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Why do people die from Multiple Myeloma? Lack Of Awareness?? It Is Complicated!!
Posted: Oct 26, 2014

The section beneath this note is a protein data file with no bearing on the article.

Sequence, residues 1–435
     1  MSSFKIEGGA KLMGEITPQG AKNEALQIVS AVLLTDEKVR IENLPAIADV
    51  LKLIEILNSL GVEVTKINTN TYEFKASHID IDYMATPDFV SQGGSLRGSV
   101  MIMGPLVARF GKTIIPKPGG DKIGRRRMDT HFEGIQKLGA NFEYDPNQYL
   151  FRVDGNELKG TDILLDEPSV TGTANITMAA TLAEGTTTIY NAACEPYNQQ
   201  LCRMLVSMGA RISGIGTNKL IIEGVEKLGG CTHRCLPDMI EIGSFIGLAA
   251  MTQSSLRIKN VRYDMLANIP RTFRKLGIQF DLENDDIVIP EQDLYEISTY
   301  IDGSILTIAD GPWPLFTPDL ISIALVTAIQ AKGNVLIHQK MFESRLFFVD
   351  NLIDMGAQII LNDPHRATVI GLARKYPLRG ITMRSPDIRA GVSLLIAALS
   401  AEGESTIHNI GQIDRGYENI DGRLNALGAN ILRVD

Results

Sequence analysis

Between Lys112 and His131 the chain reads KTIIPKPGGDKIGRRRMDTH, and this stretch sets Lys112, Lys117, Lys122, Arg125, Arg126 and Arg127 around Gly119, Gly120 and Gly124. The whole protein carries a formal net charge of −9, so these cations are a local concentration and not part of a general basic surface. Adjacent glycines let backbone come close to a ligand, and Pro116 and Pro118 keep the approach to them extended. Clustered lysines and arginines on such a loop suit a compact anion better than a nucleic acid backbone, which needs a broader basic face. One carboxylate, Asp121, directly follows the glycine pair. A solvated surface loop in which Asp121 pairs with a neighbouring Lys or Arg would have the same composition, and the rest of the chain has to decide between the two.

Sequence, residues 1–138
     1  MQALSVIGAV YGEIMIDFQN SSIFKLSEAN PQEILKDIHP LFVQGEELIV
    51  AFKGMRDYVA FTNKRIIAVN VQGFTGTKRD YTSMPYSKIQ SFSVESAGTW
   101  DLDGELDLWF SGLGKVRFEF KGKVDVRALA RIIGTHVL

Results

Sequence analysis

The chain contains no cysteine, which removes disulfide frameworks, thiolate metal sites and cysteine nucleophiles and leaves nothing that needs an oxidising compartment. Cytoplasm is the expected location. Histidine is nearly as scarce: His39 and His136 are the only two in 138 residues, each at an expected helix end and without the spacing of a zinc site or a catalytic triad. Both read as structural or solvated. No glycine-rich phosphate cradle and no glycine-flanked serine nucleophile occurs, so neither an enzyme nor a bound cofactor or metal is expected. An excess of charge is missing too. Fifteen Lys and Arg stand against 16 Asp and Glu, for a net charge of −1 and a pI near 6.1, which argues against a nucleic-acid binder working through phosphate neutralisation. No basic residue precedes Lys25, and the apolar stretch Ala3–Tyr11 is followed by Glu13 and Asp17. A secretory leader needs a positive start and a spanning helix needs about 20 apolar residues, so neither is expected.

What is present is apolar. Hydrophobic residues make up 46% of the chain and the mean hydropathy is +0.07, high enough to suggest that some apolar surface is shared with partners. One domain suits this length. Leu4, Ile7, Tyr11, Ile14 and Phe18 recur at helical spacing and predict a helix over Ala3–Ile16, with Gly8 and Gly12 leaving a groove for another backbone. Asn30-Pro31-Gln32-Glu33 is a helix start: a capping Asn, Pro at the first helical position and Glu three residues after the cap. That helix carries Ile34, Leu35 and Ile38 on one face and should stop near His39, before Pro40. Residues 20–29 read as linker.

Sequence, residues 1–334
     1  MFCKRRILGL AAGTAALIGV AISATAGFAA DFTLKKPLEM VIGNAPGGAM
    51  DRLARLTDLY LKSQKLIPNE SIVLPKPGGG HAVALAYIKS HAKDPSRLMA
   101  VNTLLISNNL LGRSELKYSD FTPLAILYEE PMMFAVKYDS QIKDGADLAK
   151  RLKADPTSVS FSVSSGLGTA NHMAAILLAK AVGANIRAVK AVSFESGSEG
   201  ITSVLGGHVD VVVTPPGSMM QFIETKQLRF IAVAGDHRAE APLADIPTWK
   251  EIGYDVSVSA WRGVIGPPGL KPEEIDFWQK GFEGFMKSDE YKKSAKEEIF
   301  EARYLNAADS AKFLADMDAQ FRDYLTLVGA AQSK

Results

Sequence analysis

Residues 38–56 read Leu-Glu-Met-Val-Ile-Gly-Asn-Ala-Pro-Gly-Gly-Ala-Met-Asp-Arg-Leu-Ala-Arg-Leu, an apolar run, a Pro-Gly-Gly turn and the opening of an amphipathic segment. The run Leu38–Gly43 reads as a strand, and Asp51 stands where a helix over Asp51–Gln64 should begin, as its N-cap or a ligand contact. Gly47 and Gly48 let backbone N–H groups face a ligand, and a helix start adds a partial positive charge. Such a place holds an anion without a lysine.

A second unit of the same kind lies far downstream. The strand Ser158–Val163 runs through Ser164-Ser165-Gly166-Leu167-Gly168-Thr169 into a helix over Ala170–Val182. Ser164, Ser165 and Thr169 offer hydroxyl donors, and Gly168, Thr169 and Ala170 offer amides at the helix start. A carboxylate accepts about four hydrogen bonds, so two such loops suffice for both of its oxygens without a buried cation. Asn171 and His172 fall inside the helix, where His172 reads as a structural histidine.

Why do people die from Multiple Myeloma?  Lack Of Awareness??  It Is Complicated!! image